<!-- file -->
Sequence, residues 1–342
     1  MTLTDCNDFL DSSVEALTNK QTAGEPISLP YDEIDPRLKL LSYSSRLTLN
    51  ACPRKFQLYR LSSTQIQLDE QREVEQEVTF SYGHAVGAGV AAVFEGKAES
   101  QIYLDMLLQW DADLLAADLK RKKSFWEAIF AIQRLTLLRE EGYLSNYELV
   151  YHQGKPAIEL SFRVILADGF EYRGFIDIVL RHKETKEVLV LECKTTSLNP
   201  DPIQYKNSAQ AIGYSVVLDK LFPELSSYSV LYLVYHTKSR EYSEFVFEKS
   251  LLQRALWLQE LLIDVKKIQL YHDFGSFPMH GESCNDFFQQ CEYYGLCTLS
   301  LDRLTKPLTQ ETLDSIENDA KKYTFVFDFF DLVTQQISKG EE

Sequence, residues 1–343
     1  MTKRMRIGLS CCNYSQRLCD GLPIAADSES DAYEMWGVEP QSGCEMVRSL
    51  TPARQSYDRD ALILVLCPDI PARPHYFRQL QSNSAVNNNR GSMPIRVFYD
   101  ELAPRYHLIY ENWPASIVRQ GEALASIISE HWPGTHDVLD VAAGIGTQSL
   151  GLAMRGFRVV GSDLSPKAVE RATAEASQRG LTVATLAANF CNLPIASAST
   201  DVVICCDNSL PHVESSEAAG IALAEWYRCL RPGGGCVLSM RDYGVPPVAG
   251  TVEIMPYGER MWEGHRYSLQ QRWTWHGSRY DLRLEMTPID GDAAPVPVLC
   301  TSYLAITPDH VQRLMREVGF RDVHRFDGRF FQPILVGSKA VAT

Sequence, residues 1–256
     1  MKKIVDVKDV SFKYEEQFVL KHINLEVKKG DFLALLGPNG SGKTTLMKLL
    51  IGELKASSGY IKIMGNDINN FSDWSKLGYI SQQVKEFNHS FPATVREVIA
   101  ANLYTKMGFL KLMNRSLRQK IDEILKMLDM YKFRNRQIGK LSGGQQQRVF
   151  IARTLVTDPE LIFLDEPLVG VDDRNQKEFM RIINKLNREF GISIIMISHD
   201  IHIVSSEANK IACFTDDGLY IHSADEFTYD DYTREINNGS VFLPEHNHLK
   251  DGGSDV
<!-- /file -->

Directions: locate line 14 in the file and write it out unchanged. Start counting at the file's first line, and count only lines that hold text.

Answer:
   201  DVVICCDNSL PHVESSEAAG IALAEWYRCL RPGGGCVLSM RDYGVPPVAG